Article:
As noted, the record shows that Dr. Saxena’s proposal was found by the evaluation team to be unacceptable because it did not meet the requirement for 13,165 contiguous NUSF of space.  AR, exh. 6, Source Selection Team Consensus Evaluation Report, at 2.  The record further shows that this was a basis for finding that Dr. Saxena’s proposal was eliminated from further consideration.  Specifically, the PNM states as follows:

While Dr. Saxena’s proposed rates were the lowest of the two offers, it is [a] concern, which is reflected in the SST [source selection team] evaluation of Dr. Saxena’s proposal, that his building can provide the 13,165 contiguous NUSF required by the VA.  Dr. Saxena's building is a multi-tenant building, with three floors subject to common area space such as stairs, elevators, ducts, shafts, vestibules, public corridors or public toilets.  While most of the square footage needed for the clinic would be on the 1st floor, the Lessor noted that additional square footage is available on the 3rd floor of the building.  [Brown Cat’s] building is offered as a single tenant building, with a gross, contiguous NUSF of 17,772, more than required by the RLP [solicitation].  On November 3, 2017, the CO [contracting officer] issued a request for final proposal to both offerors and received concurrence of no change in either of the two proposals.  Therefore, the CO determined that Dr. Saxena’s proposal did not meet the space requirements of this action in terms of square footage.  Given the above facts, the CO determined that [Brown Cat’s] proposal is the only remaining responsive offeror.

AR, exh. 8, PNM, at 6-7. 

The record also shows that, after taking corrective action in response to Dr. Saxena’s agency-level protest, the VA made minor changes to the numeric risk scores assigned to his proposal.  However, those minor changes were essentially clerical rather than substantive in nature and did not reflect different or new underlying findings on the part of the agency in terms of the acceptability of the proposed building.  In particular, the contracting officer explained that several of the risk point scores assigned to Dr. Saxena’s proposal had been incorrect, and the correct scores resulted in a change to the total risk point score assigned to the proposal from 215 points to 218 points.  Nonetheless, the agency made no change to its earlier finding that Dr. Saxena’s proposed building did not meet the solicitation’s requirement for 13,165 contiguous NUSF.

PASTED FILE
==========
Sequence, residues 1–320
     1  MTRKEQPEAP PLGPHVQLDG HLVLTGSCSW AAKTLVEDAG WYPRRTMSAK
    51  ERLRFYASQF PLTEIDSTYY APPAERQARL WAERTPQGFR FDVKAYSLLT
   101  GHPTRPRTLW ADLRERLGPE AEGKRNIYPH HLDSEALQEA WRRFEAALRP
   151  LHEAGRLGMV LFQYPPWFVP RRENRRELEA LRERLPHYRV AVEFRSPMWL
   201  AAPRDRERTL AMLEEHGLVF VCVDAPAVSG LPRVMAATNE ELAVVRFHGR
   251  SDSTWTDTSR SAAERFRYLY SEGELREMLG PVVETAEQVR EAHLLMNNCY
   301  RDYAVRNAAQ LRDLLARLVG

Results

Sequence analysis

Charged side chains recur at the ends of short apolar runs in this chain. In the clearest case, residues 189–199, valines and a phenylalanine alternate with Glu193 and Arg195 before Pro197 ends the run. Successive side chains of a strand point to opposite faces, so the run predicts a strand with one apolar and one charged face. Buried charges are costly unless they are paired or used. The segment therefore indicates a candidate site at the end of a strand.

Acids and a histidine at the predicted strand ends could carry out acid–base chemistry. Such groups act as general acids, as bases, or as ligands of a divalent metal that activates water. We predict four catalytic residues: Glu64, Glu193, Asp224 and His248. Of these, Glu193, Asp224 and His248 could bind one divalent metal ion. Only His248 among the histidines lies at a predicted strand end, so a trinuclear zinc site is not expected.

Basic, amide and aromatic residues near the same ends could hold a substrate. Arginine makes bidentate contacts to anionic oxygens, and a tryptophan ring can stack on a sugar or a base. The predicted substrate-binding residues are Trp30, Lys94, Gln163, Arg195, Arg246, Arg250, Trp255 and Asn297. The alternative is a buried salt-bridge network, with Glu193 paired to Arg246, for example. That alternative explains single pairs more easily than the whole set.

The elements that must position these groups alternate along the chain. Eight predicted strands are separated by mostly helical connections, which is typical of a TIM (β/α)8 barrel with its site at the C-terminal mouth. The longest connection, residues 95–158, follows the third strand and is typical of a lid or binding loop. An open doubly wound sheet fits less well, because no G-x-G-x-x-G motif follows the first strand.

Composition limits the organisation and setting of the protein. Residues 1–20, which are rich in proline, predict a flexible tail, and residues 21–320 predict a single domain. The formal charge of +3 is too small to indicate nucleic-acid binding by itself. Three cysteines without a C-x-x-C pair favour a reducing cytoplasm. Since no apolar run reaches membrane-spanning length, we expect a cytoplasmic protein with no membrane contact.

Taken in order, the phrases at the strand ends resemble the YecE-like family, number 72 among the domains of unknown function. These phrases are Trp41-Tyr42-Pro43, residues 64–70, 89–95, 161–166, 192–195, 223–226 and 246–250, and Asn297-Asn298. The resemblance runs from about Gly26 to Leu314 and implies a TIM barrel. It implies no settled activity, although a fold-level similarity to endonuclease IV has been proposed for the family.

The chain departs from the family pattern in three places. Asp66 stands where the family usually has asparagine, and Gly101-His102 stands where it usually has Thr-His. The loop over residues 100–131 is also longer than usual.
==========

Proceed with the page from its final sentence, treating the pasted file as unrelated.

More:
It is axiomatic that a proposal that fails to meet one or more material solicitation requirements cannot properly form the basis for the award of a contract.  Galen Medical Associates, Inc., B-288661.4, B-288661.5, Feb. 25, 2002, 2002 CPD ¶ 44 at 2.  Here, as discussed, the record shows that the VA found that Dr. Saxena’s proposed building did not meet the minimum requirement of having at least 13,165 contiguous NUSF.  Despite being afforded an opportunity to review the evaluation record in detail, Dr. Saxena has not argued or demonstrated that the agency’s finding about the acceptability of his building was incorrect or unreasonable.  We therefore conclude that the agency properly could not make award of the lease to the protester.  We also need not consider any of the protester’s remaining challenges in connection with the evaluation of proposals or the source selection decision, since even if these allegations were correct, the protester’s building still would be unacceptable and ineligible for award.[2]

The protest is denied.

Thomas H. Armstrong
General Counsel



[1] The RFP provided that, after performance of the initial 5-year period of the lease, the agency retained termination rights any time thereafter.  RFP at 4.

[2] The protester has argued that he was required to represent whether his building contained asbestos, but that the awardee did not make a similar representation, so that the VA cannot be sure that the Brown Cat building also is asbestos free.  The protester is mistaken.  The awardee specifically represented as follows:

“Having been constructed in 1997, no asbestos containing materials were used during construction per local, state, federal, and ANSI codes and standards.  Noasbestos containing materials have ever been used or located in this building.”  AR, exh. 5.1, Brown Cat Final Proposal Letter, at 2 (emphasis in original).